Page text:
What Is Mesenteric Artery Disease?

The mesenteric arteries are blood vessels that carry blood to the intestines. Mesenteric artery disease occurs when blood flow to one of the arteries to the intestines is blocked.

Mesenteric artery disease can either be chronic or acute. Chronic disease means the condition is ongoing, happening over a long period of time. Acute disease means the symptoms start suddenly and become serious very quickly.

Chronic mesenteric artery disease may be caused by atherosclerosis (hardening of the arteries). Plaque made of fat, cholesterol and calcium builds up in an artery over time, reducing blood flow to the intestines. Atherosclerosis can also cause an aneurysm—a weakened, bulging part of the artery that can rupture and cause internal bleeding.

Acute mesenteric artery disease may be caused by a blood clot blocking one of the mesenteric arteries. Blood clots usually come from the heart, and are more common in people with irregular heartbeat.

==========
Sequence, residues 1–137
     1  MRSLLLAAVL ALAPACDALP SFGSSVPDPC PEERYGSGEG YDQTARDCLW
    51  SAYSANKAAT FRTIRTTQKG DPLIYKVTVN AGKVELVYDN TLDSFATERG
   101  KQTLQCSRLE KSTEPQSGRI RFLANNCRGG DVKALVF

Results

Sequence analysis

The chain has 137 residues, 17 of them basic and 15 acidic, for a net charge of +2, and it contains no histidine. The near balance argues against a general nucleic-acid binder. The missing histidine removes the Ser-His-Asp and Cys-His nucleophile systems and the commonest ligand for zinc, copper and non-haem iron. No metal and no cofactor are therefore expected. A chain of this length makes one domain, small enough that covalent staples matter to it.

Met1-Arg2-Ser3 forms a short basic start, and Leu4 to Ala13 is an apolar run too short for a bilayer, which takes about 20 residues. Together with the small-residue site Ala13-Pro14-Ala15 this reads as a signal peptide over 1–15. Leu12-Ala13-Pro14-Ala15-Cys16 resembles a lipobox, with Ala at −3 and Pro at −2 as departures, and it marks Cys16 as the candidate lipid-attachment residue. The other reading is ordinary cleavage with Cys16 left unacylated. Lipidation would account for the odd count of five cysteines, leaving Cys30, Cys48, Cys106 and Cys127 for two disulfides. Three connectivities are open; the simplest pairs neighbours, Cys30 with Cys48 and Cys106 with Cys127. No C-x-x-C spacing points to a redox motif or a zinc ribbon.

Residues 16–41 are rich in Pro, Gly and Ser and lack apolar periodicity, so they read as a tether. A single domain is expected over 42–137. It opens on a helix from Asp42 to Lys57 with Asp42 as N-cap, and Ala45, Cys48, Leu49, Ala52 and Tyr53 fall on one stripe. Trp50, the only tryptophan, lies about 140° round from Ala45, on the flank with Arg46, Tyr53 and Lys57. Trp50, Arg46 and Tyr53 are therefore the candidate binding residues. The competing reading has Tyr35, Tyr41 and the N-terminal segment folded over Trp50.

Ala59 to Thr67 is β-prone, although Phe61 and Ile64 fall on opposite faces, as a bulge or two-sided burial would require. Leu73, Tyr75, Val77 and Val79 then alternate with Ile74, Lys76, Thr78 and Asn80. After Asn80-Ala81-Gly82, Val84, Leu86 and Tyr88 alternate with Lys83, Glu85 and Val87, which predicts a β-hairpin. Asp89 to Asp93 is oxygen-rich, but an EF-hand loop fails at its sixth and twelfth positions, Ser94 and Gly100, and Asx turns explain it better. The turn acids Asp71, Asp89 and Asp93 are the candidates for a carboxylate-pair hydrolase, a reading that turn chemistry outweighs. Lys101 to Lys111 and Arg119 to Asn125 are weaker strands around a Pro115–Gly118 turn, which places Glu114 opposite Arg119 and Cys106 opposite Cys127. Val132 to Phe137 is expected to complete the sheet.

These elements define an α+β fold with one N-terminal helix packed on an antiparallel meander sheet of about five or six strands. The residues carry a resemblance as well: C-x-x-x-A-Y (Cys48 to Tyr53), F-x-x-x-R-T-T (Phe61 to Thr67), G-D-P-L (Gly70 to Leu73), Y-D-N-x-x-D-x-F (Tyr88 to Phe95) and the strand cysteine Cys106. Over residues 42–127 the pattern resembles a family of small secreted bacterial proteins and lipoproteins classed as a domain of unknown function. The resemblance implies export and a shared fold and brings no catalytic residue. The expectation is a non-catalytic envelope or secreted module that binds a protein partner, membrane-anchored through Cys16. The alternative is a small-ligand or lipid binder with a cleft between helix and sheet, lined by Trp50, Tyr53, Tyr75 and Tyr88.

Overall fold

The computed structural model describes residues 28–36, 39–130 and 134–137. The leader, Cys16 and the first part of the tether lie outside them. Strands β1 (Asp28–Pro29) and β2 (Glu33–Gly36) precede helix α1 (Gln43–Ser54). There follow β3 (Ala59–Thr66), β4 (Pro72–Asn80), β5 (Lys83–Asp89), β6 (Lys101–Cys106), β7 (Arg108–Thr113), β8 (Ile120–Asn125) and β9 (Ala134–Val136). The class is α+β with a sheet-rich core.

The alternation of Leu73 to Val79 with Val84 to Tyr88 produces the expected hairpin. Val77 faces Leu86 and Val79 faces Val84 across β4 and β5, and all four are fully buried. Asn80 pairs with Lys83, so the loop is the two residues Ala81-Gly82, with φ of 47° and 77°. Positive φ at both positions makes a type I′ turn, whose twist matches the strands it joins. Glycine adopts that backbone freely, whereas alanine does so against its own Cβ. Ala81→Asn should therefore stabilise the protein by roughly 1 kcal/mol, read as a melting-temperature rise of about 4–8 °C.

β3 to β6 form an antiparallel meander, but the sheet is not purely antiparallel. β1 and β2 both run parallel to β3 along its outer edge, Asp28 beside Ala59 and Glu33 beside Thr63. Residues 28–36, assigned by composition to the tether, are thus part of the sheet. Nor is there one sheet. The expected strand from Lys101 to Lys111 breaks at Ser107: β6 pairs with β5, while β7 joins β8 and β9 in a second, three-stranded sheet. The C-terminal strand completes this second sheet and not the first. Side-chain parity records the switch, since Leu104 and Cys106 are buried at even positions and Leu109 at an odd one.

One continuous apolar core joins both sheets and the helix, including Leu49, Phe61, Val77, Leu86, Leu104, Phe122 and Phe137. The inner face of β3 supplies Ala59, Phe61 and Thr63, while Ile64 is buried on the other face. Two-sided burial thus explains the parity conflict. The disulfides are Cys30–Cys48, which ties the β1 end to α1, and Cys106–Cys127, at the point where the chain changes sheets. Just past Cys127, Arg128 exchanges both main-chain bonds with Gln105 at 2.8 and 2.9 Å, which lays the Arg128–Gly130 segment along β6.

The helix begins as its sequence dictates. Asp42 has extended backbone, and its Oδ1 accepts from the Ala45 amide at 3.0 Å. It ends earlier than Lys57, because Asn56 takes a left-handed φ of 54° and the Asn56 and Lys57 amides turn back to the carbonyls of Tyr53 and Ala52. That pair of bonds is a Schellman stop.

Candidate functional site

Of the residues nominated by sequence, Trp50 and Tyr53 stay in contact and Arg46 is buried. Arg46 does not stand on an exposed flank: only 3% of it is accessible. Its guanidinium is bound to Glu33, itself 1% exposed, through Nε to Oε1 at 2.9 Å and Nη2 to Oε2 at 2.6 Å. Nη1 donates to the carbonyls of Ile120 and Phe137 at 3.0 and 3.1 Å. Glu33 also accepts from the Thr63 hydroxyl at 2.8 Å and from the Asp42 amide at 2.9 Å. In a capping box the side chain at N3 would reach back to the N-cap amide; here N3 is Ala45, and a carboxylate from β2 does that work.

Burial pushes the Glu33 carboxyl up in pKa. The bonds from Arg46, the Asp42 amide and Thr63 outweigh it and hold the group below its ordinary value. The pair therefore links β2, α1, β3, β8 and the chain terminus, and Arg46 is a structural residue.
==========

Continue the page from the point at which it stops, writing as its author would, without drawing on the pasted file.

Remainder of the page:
Meet the Mesenteric Artery Disease Team

Northwestern Medicine Bluhm Cardiovascular Institute is a nationally recognized destination for those who require highly specialized cardiovascular care.

Related Resources

  • Atherosclerosis: Atherosclerosis is thickening or hardening of the arteries caused by plaque buildup.
  • Mesenteric Ischemia: Learn the cause and risk factors for mesenteric ischemia, which is decreased or blocked blood flow to the intestines.